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2nd Marine Aircraft Wing completes its 80th year of aviation excellence

2nd Marine Aircraft Wing completes its 80th year of aviation excellence
A UH-1Y Venom helicopter assigned to Marine Light Attack Helicopter Squadron (HMLA) 269 takes off at Fort Carson, Colorado, Nov. 10, 2021.
Marines with HMLA-269 trained in a cold-weather, high-altitude environment to increase proficiency in expeditionary advanced basing operations (EABO).
HMLA-269 is a subordinate unit of 2nd Marine Aircraft Wing, the aviation combat element of II Marine Expeditionary Force.
U.S. Marine Corps photo by Lance Cpl. Elias E. Pimentel III.

Story by 1st Lt. Sarah Eason, 2nd Marine Aircraft Wing

MARINE CORPS AIR STATION CHERRY POINT, N.C. – The 2nd Marine Aircraft Wing (MAW) completed a successful year of aviation excellence as it celebrated its 80th anniversary in 2021.

The Marines and Sailors of 2nd MAW call the Carolinas home, but their impact is felt around the world. The MAW prepared and trained around the clock to be ready, capable and successful as the aviation combat element for II Marine Expeditionary Force.

This year, the MAW accomplished significant and ground-breaking tasks, training events and deployments. The MAW provided humanitarian assistance and disaster relief to the people and government of Haiti after a tragic earthquake, and did so within 96 hours of notification to deploy. It strengthened relationships with allies and partners, flying and operating in places like Japan, Canada, Finland, Spain, Italy and Peru. The MAW also supported multiple Marine Expeditionary Units’ global deployments.

“Sgt. Maj. Reiff and I want to thank our Marines, Sailors and families for an incredible performance this year. We are proud of the 2nd MAW team and all it’s accomplished,” said Maj. Gen. Michael Cederholm, commanding general of 2nd MAW.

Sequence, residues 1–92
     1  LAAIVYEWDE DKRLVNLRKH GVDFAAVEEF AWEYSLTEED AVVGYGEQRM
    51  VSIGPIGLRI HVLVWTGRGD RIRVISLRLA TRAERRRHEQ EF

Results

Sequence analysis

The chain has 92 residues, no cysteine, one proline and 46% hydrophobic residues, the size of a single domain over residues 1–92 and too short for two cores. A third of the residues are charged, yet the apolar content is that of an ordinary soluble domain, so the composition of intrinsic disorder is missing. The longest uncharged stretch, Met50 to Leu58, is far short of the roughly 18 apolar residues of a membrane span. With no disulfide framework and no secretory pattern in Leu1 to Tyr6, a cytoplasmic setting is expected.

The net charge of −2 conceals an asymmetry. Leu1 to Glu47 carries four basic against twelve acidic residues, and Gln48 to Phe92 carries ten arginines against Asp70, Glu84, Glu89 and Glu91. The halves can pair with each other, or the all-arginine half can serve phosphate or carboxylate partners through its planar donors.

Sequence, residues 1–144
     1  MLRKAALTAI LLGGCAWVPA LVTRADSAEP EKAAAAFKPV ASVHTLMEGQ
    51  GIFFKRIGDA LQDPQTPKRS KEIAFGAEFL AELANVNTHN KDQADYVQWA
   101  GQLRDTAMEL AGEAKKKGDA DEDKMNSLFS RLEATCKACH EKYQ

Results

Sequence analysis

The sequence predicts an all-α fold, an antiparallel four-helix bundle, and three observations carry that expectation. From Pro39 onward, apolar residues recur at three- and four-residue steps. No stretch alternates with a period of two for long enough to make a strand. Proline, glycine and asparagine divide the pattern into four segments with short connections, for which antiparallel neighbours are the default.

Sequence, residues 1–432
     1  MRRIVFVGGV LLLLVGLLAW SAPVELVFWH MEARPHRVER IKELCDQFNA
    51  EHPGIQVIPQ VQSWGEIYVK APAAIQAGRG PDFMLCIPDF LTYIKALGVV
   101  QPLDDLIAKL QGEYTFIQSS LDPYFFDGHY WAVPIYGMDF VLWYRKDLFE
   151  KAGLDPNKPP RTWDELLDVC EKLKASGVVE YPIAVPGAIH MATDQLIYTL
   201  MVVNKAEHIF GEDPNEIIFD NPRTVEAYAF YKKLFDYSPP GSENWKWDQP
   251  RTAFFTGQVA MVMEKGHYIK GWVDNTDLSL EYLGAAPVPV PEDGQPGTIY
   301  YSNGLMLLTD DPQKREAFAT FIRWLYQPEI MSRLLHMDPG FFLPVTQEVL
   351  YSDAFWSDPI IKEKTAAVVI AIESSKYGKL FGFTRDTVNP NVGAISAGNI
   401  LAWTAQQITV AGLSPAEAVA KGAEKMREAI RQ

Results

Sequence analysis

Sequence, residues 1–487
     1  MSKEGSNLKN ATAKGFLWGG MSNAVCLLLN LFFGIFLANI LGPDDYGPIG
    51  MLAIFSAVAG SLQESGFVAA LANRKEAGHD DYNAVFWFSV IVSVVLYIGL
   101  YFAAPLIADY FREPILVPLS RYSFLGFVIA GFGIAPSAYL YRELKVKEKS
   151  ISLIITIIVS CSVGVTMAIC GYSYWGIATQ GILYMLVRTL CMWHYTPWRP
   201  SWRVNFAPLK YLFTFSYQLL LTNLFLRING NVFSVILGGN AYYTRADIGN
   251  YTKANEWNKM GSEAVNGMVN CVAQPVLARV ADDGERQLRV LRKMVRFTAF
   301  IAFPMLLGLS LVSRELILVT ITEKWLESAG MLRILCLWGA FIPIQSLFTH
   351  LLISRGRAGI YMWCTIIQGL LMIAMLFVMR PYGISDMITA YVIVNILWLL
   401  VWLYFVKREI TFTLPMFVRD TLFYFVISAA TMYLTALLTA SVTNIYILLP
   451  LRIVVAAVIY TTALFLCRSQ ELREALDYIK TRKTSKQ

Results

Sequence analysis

2nd Marine Aircraft Wing completes its 80th year of aviation excellence
Marine pilots in a CH-53E Super Stallion with Marine Heavy Helicopter Training Squadron 302, carry away an 8,500-pound high beam during an external lift exercise aboard Camp Lejeune, N.C., Aug. 25, 2015.
The CH-53E completed a short circle pass, then slowly descended to allow Marines on the ground to disconnect the beam.
U.S. Marine Corps photo by Cpl. Paul S. Martinez.

Collectively, the MAW achieved more than 80,000 flight hours, exceeding its fiscal year requirement and an increase of 25 percent in flight hours from fiscal year 2020. It reduced its overall aviation mishap rate by 16 percent, and reduced the overall ground mishap rate by 41 percent.

Additionally, the MAW saw a reduction in substantiated sexual misconduct cases, alcohol related incidents, and prohibited activities and conduct cases, while still fostering a safe environment to encourage service members to report allegations of misconduct. These accomplishments speak to the leadership, competency, readiness, safety and diligence of the Marines, Sailors, civilians and contractors who make up the MAW.

“2nd MAW is the most combat-ready air wing, and we are ready to fight and win, right now. We are America’s air wing and have accomplished great things this year. It is truly a testament to the leadership, hard work, dedication, and commitment of the Marines, Sailors and civilians of 2nd MAW,” said Cederholm.

2nd MAW will continue to focus on operational excellence, enhancing Marine Corps aviation, and taking care of its people that contribute to its success.

“We pushed the limits in training to prepare for the next challenge and the future fight, carrying our Commandant’s vision, all the while focusing on operational excellence in warfighting as we have for the 80 years of our MAW’s existence,” said Sgt. Maj. Jacob Reiff, sergeant major of 2nd MAW.

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